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Cabinet seeks to extend police powers to fight crime

What happened: The cabinet has granted police greater authority to search homes of violent crime suspects without a prior court order, in what constitutes a new step to tackle rising crime in the Arab sector.

  • The bill is spearheaded by Justice Minister Gideon Sa’ar, who told the Cabinet: “We’re at war. We must give the police and law enforcement agencies better tools to succeed in their missions.”
  • Whilst Israeli law already allows the police to conduct searches without warrants for several purposes, Sa’ar’s bill would allow police officers to enter homes to seize evidence related to serious crimes when they have grounds to believe that it would otherwise be destroyed.
  • Prime Minister Naftali Bennett told the cabinet, “We are losing the country,” emphasising the situation among Arab Israelis.
  • This morning an Arab man was shot dead in northern Israel, bringing the number of murder victims in Israel’s Arab community to 100 this year alone.
  • Last week, Israel Police’s northern district Shimon Lavi said “90 per cent of the shooting incidents, 65 per cent of the arson incidents, and 80 per cent of the robbery incidents” in the north of the country happen in the Arab sector, which represents half of the 1.3 million citizens living in the north.
  • Newly installed Shin Bet chief Ronen Bar has vowed to use the security agency to tackle violent crime in the Arab community. However, the agency’s involvement in civilian affairs remains controversial.
  • During his swearing-in ceremony last week, Bar said: “There has been a lot of talk lately about the growing violence in general and in Arab society in particular. The agency will not stand idly by … this is obviously a national mission.”

Context: The government acknowledges that the rising level of violence is to some extent a result of years of state neglect toward crime in Arab cities and towns.

  • Israeli Arabs make up roughly 21 per cent of the population, but accounted for 71 per cent of the 125 murders in Israel in 2019.
  • 84 Arab citizens and 15 Palestinians have died in crime-related deaths in Israel since the beginning of 2021, according to the Abraham Initiatives. 82 were gun-related, 48 of them involved the killing of someone under age 30, and 86 of those killed were men.
  • The deaths have spawned an “Arab Lives Matter” campaign, but unlike the Black Lives Matter movement in the US, which protests police racism and brutality, Arab leaders are calling for greater police action.
  • Prominent Israeli Arab commentators have openly called for the involvement of the Shin Bet to combat criminal organisations, whilst many local Arab mayors maintain close ties with the police and cooperate extensively with the enforcement authorities, including with the IDF Homefront Command, which operated in Arab localities during COVID.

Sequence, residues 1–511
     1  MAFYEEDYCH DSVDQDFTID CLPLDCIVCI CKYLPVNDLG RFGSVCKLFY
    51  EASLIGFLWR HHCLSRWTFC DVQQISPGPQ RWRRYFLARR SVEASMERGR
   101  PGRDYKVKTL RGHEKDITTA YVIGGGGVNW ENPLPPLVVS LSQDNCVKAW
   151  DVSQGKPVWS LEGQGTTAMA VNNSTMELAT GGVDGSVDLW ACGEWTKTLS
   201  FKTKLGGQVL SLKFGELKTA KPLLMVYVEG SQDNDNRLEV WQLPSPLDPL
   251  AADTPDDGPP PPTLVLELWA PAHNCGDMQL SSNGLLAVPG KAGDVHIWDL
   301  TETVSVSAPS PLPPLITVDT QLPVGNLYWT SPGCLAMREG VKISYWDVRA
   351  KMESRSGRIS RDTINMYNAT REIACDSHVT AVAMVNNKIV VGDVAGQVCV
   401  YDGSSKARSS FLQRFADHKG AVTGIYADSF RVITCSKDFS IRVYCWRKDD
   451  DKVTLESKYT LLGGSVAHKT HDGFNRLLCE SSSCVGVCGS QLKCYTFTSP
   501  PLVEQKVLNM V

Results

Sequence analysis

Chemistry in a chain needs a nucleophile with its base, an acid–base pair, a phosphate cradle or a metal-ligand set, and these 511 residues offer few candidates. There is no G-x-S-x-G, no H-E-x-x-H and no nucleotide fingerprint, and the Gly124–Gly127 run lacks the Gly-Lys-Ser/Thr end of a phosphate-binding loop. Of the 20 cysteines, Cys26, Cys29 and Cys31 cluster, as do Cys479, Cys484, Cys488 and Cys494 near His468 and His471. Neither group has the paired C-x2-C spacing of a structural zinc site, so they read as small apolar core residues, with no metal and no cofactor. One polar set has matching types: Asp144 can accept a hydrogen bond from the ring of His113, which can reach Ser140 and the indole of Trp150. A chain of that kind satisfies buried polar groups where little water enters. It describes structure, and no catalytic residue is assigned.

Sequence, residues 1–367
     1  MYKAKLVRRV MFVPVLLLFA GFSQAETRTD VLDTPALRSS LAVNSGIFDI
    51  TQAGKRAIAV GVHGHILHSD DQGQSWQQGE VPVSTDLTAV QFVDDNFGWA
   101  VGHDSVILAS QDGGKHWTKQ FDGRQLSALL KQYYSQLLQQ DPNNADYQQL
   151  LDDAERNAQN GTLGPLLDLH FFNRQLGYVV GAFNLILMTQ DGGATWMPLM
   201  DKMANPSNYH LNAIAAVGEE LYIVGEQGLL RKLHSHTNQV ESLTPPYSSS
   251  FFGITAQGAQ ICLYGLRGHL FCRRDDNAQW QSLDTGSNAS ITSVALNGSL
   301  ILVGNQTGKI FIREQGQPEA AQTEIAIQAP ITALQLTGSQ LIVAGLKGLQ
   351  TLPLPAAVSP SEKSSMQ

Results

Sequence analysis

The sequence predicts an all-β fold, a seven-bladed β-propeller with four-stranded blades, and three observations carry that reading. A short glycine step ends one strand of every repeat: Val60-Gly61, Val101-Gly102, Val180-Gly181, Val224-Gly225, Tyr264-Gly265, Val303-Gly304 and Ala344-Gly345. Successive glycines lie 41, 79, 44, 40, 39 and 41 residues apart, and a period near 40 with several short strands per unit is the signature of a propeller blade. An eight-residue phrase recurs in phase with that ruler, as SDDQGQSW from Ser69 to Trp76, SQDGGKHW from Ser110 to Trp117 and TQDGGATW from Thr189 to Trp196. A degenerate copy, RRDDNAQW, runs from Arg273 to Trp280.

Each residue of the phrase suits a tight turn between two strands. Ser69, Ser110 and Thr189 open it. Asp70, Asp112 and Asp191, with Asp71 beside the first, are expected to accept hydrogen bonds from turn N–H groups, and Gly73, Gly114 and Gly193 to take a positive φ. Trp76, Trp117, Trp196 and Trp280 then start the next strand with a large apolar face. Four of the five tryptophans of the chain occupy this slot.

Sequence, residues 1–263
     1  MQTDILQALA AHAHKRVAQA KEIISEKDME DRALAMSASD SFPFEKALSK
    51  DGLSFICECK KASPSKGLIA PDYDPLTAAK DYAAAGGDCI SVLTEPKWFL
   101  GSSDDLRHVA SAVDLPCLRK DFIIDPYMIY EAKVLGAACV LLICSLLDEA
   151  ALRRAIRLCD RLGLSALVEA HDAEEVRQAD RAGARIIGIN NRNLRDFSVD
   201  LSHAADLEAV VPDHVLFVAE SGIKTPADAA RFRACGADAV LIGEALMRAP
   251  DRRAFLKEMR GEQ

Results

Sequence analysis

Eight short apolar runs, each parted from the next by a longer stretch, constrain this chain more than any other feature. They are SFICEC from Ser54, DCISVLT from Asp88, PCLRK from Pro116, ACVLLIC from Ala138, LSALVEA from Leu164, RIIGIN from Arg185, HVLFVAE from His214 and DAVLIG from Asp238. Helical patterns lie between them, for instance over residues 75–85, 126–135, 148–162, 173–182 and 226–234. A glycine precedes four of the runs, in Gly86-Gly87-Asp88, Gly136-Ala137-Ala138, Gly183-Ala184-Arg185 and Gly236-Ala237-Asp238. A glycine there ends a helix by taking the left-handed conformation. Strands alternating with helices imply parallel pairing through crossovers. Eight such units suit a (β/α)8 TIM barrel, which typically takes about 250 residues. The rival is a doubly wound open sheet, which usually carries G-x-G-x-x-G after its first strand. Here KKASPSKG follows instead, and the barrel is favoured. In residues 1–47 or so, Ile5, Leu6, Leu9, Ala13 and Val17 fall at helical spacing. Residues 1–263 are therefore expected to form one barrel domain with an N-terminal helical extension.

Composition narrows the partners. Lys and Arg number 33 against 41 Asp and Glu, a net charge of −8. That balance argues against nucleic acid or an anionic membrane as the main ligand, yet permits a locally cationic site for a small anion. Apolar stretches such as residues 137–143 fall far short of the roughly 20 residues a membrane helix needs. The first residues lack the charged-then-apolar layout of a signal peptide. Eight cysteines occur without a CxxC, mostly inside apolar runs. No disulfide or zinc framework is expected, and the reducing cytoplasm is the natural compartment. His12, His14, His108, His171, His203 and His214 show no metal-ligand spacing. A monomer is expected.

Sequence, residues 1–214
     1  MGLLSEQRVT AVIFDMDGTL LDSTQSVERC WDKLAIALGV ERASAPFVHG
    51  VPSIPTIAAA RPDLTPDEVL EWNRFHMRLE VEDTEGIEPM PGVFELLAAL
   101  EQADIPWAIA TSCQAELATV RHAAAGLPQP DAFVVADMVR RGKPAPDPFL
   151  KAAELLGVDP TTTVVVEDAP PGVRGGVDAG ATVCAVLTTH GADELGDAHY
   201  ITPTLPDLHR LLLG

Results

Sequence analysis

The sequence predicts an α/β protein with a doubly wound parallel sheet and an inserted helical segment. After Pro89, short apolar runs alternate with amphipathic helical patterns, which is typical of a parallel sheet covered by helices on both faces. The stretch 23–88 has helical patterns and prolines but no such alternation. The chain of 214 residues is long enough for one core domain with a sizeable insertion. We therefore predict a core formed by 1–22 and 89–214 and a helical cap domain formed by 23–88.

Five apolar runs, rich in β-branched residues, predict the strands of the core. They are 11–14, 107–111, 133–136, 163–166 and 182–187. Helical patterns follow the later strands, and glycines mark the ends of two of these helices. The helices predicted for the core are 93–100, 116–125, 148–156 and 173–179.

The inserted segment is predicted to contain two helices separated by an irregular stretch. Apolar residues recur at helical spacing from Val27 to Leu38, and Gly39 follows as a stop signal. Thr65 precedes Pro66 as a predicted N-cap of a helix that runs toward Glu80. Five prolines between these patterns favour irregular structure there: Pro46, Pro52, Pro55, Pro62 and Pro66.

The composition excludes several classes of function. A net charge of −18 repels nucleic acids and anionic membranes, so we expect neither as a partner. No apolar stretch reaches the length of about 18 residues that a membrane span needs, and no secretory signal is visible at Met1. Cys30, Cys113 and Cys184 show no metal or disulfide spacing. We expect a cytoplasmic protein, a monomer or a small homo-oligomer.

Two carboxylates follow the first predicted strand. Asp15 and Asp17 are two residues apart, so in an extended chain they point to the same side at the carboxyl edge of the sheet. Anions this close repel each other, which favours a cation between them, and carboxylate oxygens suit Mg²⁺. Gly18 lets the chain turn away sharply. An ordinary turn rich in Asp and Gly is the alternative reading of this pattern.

• The United Arab List – which is part of the coalition – and its leader, chair of Special Committee on Arab Society Affairs Mansour Abbas, has been actively promoting greater police enforcement of Arab communities inside the government. He told Channel 12 News in early October: “The address from my point of view is the government. It is responsible, it is supposed to provide individual and community security for the citizens of this country, Jews and Arabs. All the tools it has, all the agencies it has, it will use within the law and ensuring human rights and dignity, and we will achieve results.”
  • The Prime Minister’s Office has set up a task force to fight crime and violence in the Arab sector. In early October the task force decided to focus on the issue of illegal weapons in the country. Estimates of illegal guns in Arab communities range from tens of thousands to hundreds of thousands.
  • Under the plan by Deputy Public Security Minister Yoav Segalovitz, work will be carried out in cooperation with all relevant ministries and agencies including the Israel Police, the Shin Bet, the National Security Council, the Attorney General, the State Attorney, the Tax Authority, the Israel Money Laundering Prohibition Authority and others.

Looking ahead: Sa’ar’s bill will now go to the Knesset where it could be fast-tracked for approval and signed into law.

  • In the Knesset’s winter session, the Justice Ministry is expected to promote a series of laws to provide law enforcement with greater tools to crack down on illegal weapons, including minimum sentence legislation for possessing and trafficking in weapons.
  • There are no plans to amend the Israel Security Agency Law. The Shin Bet will act within the framework of the existing law, which allows it – in exceptional cases – to tackle civil aspects considered of critical national interest.

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